Analysis of the structural changes caused by positive DNA supercoiling
Author(s)Barth, Marita Christine
Massachusetts Institute of Technology. Biological Engineering Division.
Peter C. Dedon.
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The procession of helix-tracking enzymes along a DNA molecule results in the formation of supercoils in the DNA, with positive supercoiling (overwinding) generated ahead of the enzyme, and negative supercoiling (underwinding) in its wake. While the structural and physiological consequences of negative supercoiling have been well studied, technical challenges have prevented extensive examination of positively supercoiled DNA. Studies suggest that at sufficiently high levels of overwinding, DNA relieves strain by adopting an elongated structure, where the bases are positioned extrahelically and the backbones occupy the center of the helix. This transition has only been identified, however, at a degree of supercoiling substantially higher than is generated physiologically. To examine the structural changes resulting from physiological levels of positive DNA supercoiling, I have developed a method for preparing highly purified positively supercoiled plasmid substrates. Based on a method previously developed in this laboratory, this allows for preparation of large quantities of very pure, highly positively supercoiled plasmid. It also expands on earlier methods by exploiting ionic strength to modulate the direction of supercoiling introduced, allowing preparation of either positively or negatively supercoiled substrates.(cont.) A combination of approaches has been used to elucidate changes to DNA structure that result from physiological levels of positive supercoiling. Enzymatic probes for regions of single-stranded character are not reactive with positively supercoiled plasmid, indicating that stably unpaired regions are not present. Additionally, the effect of supercoiling on the activity of restriction enzymes has been examined. With the enzymes tested, no substantial differences in cleavage rates were observed with either positively or negatively supercoiled substrates. To examine structural changes at a wider range of superhelical densities, design and preparation was undertaken on 2-aminopurine-containing DNA substrates for use in fluorescence studies with a magnetic micromanipulator. Technical limitations rendered these experiments infeasible with current instrumentation, but important insights were gained for future fluorescence-based A destabilizing effect on the base pairs, however, can be seen using Raman difference spectroscopy, suggesting a subtle shift toward the more extreme extrahelical state.(cont.) The Raman data suggest that structural adjustments due to positive supercoiling are small but significant, and in addition to the base-pairing effects, alterations are observed in phosphodiester torsion and the minor groove environment, as well as a slight shift in sugar pucker conformation to accommodate lengthening of the DNA backbone. These results point to subtle changes in DNA structure caused by biologically relevant levels of positive superhelical tension and positive supercoiling. All of the changes are consistent with the mechanical effects of helical overwinding and suggest a model in which base pair destabilization in overwound DNA could affect the search mechanisms used by DNA repair enzymes and the binding of other proteins to DNA.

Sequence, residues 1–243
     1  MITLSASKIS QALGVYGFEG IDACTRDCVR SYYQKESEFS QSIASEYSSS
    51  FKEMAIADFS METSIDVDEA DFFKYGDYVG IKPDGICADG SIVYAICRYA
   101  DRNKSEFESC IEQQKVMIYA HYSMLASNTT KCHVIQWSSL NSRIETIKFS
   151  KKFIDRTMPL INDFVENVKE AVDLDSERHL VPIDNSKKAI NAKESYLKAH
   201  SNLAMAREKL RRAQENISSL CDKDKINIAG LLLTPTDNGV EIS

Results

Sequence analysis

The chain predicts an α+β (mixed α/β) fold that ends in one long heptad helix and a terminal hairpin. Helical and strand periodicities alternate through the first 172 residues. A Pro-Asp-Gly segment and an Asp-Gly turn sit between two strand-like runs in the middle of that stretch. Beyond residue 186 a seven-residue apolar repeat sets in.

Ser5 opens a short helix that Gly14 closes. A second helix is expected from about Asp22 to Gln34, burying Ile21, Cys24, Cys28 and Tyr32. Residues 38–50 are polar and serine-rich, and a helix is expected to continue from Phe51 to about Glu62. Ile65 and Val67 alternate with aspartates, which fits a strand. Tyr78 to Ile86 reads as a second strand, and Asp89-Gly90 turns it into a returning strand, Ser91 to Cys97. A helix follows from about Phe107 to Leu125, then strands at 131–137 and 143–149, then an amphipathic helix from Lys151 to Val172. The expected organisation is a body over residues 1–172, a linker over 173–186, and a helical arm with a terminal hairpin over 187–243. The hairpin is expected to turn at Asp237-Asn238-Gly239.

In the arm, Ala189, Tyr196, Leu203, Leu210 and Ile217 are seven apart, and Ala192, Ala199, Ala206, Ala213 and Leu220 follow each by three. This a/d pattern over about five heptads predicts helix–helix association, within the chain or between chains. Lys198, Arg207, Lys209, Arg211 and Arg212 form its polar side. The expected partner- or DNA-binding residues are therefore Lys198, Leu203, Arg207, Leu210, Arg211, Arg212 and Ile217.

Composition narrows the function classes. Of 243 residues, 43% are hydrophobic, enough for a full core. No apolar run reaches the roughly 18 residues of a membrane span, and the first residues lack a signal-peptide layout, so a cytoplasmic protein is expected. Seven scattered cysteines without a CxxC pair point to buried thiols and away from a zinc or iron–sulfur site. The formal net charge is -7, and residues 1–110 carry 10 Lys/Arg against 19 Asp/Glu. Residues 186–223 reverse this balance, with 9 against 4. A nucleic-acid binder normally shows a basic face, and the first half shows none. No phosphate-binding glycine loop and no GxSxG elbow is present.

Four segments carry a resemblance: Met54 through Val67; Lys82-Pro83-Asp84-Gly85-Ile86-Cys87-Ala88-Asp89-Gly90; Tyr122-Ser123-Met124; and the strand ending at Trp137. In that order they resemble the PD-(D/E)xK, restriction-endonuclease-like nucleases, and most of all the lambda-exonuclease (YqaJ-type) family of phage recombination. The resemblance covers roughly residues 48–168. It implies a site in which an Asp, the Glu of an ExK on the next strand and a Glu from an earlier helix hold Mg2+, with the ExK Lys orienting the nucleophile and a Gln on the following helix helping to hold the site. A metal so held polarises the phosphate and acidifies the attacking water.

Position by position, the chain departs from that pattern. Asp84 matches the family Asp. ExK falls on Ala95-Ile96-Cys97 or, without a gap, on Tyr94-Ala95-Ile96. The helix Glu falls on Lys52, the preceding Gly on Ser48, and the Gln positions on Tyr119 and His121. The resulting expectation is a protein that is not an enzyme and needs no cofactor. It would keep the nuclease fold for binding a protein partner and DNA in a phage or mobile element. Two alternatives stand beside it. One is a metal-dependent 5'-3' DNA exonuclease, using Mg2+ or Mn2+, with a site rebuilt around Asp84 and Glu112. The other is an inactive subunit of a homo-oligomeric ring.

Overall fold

Thesis (Ph. D.)--Massachusetts Institute of Technology, Biological Engineering Division, 2007.Includes bibliographical references.
DepartmentMassachusetts Institute of Technology. Biological Engineering Division.
Massachusetts Institute of Technology
Biological Engineering Division.